But one thing that really sticks out to me is the sheer number of nations that have cyber war capabilities. When you compare 9 countries that have nuclear weapon capabilities to the 100 that have cyber attack capabilities, this is a whole new ball game. The attack could almost come from almost anywhere and strike anywhere at anytime.

Cyberwar is very cheap compared to the technology, infrastructure and financial output it takes to build nukes. Also, if someone launched a nuke, pretty sure it could be tracked back to the country of origin fairly easily. Where cyber attacks are very stealthy and sometimes are bounced through several different countries before hitting their target.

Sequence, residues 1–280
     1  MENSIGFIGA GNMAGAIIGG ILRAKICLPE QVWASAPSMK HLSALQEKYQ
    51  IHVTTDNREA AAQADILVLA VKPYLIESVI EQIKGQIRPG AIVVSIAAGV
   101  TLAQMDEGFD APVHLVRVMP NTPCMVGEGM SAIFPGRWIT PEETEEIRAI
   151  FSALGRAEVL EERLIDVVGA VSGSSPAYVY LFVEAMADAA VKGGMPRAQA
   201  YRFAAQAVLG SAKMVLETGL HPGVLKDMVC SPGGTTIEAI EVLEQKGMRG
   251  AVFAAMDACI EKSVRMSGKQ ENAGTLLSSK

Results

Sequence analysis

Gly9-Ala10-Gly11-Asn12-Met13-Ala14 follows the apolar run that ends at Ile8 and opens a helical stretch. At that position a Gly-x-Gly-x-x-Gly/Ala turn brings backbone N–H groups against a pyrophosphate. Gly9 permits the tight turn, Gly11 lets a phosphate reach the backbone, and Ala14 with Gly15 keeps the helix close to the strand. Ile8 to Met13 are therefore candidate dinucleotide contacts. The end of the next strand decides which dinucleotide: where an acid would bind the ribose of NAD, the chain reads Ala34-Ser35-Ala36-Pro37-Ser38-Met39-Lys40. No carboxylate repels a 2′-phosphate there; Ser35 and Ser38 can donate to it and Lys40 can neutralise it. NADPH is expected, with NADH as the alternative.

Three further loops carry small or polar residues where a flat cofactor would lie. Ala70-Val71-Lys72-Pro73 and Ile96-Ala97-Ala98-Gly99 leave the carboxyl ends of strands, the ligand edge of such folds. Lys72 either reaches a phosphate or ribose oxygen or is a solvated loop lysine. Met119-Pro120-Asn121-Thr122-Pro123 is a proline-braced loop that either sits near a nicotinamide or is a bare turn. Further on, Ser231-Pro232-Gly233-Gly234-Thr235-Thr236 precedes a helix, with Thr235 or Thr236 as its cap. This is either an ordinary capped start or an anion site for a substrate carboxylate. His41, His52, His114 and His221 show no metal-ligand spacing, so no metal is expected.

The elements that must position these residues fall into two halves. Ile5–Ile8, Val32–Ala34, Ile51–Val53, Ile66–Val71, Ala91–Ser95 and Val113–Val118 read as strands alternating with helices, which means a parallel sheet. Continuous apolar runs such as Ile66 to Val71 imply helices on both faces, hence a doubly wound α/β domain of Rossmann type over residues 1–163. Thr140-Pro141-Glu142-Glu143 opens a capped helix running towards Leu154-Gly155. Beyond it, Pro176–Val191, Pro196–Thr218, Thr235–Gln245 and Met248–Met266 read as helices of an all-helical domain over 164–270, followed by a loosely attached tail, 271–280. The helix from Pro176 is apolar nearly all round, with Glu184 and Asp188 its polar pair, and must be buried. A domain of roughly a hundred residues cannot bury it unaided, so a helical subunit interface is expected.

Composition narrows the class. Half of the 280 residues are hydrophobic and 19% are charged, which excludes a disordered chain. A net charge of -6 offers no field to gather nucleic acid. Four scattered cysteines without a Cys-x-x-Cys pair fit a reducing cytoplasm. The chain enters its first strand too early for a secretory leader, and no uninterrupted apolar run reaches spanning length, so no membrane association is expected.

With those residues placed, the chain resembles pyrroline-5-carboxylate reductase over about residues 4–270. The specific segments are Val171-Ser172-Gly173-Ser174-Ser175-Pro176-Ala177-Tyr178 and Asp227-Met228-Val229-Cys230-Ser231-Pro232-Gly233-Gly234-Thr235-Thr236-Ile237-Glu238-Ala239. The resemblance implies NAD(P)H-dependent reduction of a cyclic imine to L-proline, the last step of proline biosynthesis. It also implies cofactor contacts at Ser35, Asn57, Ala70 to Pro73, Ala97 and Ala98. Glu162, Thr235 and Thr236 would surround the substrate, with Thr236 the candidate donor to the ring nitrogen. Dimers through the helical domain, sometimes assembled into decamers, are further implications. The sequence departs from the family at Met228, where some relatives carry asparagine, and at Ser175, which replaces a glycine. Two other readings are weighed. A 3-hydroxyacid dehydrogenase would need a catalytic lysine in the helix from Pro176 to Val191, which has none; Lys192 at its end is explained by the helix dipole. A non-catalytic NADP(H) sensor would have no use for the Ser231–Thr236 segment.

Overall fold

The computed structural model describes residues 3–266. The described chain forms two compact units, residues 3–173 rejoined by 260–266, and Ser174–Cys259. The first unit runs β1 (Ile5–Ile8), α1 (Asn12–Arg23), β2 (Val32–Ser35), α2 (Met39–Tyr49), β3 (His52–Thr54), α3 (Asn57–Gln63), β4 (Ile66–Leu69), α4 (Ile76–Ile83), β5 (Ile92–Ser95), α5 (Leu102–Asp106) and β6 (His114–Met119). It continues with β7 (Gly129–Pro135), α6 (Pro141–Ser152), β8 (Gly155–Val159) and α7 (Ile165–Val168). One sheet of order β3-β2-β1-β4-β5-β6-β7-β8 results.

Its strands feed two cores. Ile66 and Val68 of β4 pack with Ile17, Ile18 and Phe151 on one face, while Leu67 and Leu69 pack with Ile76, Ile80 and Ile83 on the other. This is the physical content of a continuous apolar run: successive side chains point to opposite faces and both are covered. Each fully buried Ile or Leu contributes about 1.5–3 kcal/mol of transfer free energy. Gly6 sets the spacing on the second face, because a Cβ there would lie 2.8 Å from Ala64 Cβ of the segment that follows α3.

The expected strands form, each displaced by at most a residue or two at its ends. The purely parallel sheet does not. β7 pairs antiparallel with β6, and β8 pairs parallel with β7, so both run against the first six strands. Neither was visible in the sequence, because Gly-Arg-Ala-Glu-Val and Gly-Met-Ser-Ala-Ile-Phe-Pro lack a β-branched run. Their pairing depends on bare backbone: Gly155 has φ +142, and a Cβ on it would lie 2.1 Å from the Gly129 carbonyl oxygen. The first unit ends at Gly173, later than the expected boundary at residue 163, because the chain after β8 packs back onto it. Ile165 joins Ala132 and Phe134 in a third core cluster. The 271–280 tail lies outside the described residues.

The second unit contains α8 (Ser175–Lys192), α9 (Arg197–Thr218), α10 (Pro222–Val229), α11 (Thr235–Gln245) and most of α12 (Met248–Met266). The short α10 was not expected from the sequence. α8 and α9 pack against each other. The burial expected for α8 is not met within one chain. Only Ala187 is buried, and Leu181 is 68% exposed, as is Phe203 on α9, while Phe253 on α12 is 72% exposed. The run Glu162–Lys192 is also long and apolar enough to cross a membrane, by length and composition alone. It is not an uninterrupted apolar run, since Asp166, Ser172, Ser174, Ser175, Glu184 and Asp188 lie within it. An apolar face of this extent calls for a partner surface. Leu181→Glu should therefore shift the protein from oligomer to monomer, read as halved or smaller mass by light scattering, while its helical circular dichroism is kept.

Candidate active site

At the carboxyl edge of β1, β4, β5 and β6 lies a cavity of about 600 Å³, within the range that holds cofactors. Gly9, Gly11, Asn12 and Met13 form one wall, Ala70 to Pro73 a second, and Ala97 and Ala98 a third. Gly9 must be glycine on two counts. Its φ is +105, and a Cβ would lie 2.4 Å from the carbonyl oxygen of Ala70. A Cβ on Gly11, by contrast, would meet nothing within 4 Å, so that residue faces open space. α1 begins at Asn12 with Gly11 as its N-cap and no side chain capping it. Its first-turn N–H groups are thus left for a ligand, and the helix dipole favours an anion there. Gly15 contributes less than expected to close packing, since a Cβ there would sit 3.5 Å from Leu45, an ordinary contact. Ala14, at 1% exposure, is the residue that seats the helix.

What is scary too is that Chertoff mentioned an attack against air traffic control systems. Ira Winkler, former NSA agent and president of the Internet Security Advisors Group said that not only is such an attack possible, but security was never built into air traffic control systems to begin with.

This brings up another issue. The level of force used in responding to a cyber attack. If a third world country launches a cyber attack against the US and disables it’s air traffic control systems while planes are in the air, hundreds of planes and thousands of lives would be at risk. Would we respond by disabling their air traffic control system, when they may only have ten airplanes total in the whole country?

Many experts have said that the US will not take cyber security seriously unless there is a cyber 9/11. The US needs to sit down with the international community and hammer out realistic policy now on responding to cyber attacks. The longer we continue without black and white policies the greater the risk will become.